Publication: Eurasia Daily Monitor Volume: 13 Issue: 67 By: Zaur Shiriyev
The escalation of tensions between Armenian and Azerbaijani armed forces along the line of contact (LOC) saw the outbreak of a five-day exchange of fire, the bloodiest since the 1994 ceasefire agreement. The latest clashes ended with a mutually agreed ceasefire on April 5. According to official estimations from both sides, the Azerbaijani side lost 31 soldiers (Azadliq.org, April 6), while Yerevan’s last official statement—not updated—says they lost 20 men, with 26 soldiers missing (Panarmenian.net, 5 April). Both countries have also lost military equipment, including tanks and military helicopters.
The outbreak of clashes prompted speculation about the timing—both the Azerbaijani and Armenian presidents were in Washington, DC, for the Nuclear Summit. Russia’s approach also led to questions: Moscow contented itself with a statement calling for an end to the violence, rather than the expected intervention to demonstrate Russia’s key role in the Karabakh conflict. This is precisely what happened back in August 2014, when hostilities were cut short by Moscow’s involvement. It was suggested at the time that Moscow had manufactured the escalation of tensions in order to show off its mediation capacity to the West, emphasizing Russia’s regional influence on the eve of the North Atlantic Treaty Organization’s (NATO) September 2014 summit in Wales (Caucasus Analytical Digest, September 17, 2014).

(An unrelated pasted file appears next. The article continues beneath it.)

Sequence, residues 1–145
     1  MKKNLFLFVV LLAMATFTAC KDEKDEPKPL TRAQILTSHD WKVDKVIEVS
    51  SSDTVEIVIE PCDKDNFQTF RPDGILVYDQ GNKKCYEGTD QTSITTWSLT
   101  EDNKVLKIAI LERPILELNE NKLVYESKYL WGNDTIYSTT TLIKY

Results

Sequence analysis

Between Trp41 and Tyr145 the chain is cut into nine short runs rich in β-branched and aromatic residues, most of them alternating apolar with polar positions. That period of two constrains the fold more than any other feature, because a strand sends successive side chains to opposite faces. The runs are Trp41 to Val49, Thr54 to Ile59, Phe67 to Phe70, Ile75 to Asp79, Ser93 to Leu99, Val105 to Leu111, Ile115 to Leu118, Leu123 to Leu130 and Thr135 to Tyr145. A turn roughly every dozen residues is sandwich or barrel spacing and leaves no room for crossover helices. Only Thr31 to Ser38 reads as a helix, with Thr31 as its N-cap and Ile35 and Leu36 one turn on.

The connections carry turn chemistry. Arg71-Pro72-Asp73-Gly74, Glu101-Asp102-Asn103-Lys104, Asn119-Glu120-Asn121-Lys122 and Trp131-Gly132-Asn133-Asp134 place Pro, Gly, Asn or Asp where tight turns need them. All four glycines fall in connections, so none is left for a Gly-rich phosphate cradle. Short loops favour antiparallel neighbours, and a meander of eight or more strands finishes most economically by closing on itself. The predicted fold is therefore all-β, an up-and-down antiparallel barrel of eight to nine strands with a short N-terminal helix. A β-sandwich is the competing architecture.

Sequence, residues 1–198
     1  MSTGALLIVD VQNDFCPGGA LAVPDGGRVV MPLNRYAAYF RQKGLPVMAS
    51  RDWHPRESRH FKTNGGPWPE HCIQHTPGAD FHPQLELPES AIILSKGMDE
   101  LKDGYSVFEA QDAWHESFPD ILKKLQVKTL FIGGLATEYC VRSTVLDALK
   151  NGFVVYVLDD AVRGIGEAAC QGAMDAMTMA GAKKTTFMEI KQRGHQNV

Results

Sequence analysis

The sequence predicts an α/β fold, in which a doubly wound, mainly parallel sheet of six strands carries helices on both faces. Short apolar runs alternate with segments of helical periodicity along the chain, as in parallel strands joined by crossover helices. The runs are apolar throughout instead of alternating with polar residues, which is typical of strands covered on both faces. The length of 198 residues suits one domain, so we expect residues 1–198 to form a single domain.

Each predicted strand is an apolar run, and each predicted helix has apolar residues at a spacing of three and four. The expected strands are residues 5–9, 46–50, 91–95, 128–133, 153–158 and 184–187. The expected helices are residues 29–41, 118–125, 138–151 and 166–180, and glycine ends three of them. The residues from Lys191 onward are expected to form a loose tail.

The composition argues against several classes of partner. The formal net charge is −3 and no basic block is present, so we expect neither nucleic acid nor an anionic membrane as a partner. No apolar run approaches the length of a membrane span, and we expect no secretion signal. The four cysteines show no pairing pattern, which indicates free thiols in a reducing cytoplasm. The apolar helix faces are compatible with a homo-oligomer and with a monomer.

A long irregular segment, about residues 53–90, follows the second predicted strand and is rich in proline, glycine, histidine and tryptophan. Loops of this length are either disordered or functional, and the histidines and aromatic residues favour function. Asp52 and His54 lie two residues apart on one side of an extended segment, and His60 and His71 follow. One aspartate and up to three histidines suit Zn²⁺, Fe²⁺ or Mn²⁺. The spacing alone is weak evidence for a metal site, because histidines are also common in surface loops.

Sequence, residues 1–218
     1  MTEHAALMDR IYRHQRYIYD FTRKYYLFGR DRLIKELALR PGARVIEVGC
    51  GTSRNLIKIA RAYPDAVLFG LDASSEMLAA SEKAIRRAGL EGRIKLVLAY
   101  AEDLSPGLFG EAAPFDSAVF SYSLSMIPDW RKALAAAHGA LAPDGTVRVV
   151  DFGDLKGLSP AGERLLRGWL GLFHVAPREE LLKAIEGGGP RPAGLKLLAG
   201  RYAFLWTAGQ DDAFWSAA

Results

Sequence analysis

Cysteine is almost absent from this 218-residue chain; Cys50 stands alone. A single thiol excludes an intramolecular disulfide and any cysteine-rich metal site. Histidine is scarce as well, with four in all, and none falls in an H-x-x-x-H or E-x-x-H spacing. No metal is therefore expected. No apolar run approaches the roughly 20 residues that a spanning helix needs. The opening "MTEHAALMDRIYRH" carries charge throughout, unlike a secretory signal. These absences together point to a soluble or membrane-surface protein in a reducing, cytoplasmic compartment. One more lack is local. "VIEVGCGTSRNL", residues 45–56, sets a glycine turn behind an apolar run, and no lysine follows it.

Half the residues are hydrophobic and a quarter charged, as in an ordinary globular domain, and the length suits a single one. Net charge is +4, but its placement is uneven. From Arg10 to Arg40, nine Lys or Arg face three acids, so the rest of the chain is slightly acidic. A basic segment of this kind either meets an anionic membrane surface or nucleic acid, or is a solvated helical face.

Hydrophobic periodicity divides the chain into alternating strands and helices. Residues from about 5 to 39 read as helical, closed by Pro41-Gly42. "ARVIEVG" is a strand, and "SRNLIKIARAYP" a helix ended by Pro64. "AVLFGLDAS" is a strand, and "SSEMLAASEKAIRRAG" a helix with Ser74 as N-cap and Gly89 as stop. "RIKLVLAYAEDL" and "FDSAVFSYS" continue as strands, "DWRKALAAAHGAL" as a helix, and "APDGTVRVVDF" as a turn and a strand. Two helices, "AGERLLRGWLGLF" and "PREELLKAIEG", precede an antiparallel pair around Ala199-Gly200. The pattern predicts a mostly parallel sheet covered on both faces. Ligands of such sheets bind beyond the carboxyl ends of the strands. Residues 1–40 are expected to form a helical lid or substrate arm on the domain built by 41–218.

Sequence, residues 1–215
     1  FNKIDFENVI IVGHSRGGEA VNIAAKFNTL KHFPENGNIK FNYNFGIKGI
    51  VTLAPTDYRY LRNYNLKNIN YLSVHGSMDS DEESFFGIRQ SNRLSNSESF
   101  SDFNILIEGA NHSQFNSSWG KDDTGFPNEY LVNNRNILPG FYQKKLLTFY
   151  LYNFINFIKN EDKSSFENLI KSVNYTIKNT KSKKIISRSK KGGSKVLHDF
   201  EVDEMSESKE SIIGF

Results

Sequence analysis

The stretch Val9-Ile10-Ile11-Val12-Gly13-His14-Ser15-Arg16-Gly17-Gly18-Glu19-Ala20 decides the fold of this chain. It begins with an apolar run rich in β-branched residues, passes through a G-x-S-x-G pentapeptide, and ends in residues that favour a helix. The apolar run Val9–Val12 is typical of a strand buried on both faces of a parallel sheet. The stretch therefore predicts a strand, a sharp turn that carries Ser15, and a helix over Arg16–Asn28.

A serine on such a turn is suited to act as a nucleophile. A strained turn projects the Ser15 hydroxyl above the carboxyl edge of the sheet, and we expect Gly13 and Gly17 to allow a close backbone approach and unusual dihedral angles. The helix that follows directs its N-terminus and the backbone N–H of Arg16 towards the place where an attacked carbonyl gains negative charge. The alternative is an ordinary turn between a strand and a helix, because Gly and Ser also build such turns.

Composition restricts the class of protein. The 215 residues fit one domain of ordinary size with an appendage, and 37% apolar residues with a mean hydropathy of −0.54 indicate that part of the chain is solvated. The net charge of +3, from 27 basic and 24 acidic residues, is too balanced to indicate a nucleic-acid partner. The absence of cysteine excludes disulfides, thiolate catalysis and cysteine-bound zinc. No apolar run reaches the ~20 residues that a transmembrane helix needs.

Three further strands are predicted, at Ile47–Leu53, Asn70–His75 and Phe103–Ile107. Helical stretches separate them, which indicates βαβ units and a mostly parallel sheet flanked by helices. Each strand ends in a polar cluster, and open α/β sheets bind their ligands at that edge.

But Moscow did not attempt such an intervention during the recent clashes, despite their devastating outcome. Moreover, the Collective Security Treaty Organization (CSTO), the Moscow-led military bloc in which Yerevan has placed its hopes, limited itself to calls to end the fighting. It did not support the Armenian position. On the contrary, one member state, Kazakhstan, released a statement of neutrality, while another, Belarus, declared that the conflict should be resolved based on international legal principles of territorial integrity, creating deep bewilderment in Yerevan (Euro Belarus Information Service, April 4). These two developments undercut early speculation by some analysts that Moscow had also manufactured this month’s skirmishes, in order to punish Azerbaijan for attempting to revitalize relations with the United States and the West, following a long period of relative disengagement.
Azerbaijan’s military offensive and its policies during the period of escalation may have been precipitated by a “gentlemen’s agreement” between Baku and Moscow; or Russia could have given Azerbaijan a kind of “green light” for military action, as long as the latter refrained from pushing Armenia to question its strategic alliance with Moscow. Whether or not such an understanding was reached, clearly Baku did not cross Moscow’s red line—i.e. April’s military operation did not lead to a full-fledged war. At the same time, Russia benefits financially from this situation and so is taking a business-like approach. The Azerbaijani army’s military offensive means that Baku will need to negotiate the purchase of replacement military equipment from Moscow in the future. At the same time, Yerevan is also requesting help to arm its military. This situation strengthens Russia’s role in conflict management.
However, Azerbaijan’s military strategy suggests this was not just a case of displaying military muscle. Rather, Baku apparently hoped to open up the way for the diplomatic resolution of the conflict, bringing Armenia to the negotiations table by militarily changing the status quo along the LOC.